TIFF (or JPEG): Combinations bitmapped line/half-tone (color or grayscale), keep to a minimum of
500 dpi.
Please do not:
Supply files that are optimized for screen use (e.g., GIF, BMP, PICT, WPG); these typically have a
low number of pixels and limited set of colors;
Supply files that are too low in resolution;
Submit graphics that are disproportionately large for the content.
Color artwork
Please make sure that artwork files are in an acceptable format (TIFF (or JPEG), EPS (or PDF), or
MS Office files) and with the correct resolution. If, together with your accepted article, you submit
usable color figures then Elsevier will ensure, at no additional charge, that these figures will appear
in color online (e.g., ScienceDirect and other sites) regardless of whether or not these illustrations
are reproduced in color in the printed version. For color reproduction in print, you will receive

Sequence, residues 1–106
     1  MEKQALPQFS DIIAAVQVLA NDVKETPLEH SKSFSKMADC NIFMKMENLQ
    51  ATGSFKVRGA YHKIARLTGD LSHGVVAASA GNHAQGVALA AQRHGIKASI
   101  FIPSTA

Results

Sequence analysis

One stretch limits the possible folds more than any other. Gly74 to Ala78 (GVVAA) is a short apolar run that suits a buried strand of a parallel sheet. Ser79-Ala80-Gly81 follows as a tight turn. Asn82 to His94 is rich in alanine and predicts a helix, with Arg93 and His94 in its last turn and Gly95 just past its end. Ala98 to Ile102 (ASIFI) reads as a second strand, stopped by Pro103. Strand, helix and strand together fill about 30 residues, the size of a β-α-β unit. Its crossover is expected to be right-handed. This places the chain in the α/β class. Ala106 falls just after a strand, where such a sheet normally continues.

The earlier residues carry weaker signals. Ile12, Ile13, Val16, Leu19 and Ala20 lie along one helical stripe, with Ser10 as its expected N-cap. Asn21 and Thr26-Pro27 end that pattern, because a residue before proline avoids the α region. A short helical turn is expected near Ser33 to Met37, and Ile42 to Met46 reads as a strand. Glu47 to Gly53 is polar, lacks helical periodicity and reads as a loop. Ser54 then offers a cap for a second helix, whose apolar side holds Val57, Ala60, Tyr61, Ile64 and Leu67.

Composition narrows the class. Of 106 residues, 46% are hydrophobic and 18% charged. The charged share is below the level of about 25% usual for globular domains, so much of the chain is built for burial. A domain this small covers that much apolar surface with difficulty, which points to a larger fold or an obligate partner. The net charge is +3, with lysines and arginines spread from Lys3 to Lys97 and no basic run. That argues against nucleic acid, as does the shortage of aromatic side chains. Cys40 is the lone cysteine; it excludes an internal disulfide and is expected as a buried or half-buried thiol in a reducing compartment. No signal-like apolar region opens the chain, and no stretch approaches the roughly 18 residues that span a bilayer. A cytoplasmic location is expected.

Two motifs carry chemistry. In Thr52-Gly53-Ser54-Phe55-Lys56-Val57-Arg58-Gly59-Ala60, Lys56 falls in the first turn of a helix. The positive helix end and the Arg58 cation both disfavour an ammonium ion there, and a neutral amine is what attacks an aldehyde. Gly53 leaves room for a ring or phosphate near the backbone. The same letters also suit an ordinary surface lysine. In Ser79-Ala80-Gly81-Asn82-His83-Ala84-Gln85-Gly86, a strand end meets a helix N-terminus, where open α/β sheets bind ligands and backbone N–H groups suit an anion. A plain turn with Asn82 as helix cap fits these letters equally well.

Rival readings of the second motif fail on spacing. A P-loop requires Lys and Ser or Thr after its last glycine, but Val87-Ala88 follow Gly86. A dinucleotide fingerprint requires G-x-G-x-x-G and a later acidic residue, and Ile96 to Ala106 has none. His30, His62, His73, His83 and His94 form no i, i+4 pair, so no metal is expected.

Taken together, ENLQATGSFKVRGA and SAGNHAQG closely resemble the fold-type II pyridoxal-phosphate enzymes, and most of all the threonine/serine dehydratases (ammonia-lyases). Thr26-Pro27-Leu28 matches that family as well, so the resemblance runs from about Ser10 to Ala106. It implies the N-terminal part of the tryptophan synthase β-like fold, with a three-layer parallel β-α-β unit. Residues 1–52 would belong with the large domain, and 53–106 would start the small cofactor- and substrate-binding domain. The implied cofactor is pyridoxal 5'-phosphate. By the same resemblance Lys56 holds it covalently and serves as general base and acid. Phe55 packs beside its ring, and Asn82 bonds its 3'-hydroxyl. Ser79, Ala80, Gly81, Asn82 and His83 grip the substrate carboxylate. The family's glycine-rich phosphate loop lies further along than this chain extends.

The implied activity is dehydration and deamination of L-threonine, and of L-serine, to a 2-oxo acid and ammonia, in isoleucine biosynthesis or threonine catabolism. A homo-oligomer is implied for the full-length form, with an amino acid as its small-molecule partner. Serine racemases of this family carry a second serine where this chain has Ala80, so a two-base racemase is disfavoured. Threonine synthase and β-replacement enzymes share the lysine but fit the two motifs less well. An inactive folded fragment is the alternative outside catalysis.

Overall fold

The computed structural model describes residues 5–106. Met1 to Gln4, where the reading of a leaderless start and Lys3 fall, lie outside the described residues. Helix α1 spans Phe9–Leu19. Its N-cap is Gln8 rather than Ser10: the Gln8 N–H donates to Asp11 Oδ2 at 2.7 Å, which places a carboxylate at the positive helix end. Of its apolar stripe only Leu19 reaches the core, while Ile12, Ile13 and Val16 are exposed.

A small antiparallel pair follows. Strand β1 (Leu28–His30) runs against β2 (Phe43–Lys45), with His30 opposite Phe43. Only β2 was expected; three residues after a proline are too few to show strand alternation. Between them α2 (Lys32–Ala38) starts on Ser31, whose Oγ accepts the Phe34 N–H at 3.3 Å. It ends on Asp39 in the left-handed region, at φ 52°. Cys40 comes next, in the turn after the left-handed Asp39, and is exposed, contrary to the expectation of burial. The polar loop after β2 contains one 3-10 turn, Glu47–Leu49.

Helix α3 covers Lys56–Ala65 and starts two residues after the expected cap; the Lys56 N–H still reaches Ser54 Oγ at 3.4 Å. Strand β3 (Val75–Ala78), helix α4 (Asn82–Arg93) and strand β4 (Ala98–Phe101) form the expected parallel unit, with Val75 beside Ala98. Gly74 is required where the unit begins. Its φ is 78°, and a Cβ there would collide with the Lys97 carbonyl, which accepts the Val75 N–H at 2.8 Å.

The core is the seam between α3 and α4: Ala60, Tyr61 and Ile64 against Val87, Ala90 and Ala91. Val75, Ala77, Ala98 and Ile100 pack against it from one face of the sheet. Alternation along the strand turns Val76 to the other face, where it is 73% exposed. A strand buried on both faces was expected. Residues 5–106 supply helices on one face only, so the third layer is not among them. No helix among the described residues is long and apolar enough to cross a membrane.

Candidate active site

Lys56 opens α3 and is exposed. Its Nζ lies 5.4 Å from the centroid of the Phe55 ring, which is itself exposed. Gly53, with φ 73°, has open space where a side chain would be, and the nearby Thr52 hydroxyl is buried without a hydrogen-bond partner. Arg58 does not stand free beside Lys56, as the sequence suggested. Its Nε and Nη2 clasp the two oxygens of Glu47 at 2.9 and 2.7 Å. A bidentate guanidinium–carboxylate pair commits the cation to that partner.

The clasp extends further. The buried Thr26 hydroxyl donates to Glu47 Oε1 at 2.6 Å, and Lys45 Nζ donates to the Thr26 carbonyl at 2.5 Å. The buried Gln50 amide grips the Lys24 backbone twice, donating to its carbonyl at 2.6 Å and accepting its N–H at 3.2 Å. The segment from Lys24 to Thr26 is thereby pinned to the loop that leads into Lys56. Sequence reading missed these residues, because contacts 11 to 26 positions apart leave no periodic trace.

information regarding the costs from Elsevier after receipt of your accepted article. Please
indicate your preference for color: in print or online only. Further information on the preparation of
electronic artwork.
Figure captions
Ensure that each illustration has a caption. Supply captions separately, not attached to the figure. A
caption should comprise a brief title (not on the figure itself) and a description of the illustration. Keep
text in the illustrations themselves to a minimum but explain all symbols and abbreviations used.
Tables
Please submit tables as editable text and not as images. Tables can be placed either next to the
relevant text in the article, or on separate page(s) at the end. Number tables consecutively in